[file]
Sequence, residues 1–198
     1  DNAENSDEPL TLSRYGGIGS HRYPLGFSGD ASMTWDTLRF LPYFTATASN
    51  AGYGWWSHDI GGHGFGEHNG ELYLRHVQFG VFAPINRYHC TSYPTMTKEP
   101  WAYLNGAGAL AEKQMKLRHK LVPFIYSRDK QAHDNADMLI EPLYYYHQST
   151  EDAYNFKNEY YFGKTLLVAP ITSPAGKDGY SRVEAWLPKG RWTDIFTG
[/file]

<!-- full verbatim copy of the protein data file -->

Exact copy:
Sequence, residues 1–198
     1  DNAENSDEPL TLSRYGGIGS HRYPLGFSGD ASMTWDTLRF LPYFTATASN
    51  AGYGWWSHDI GGHGFGEHNG ELYLRHVQFG VFAPINRYHC TSYPTMTKEP
   101  WAYLNGAGAL AEKQMKLRHK LVPFIYSRDK QAHDNADMLI EPLYYYHQST
   151  EDAYNFKNEY YFGKTLLVAP ITSPAGKDGY SRVEAWLPKG RWTDIFTG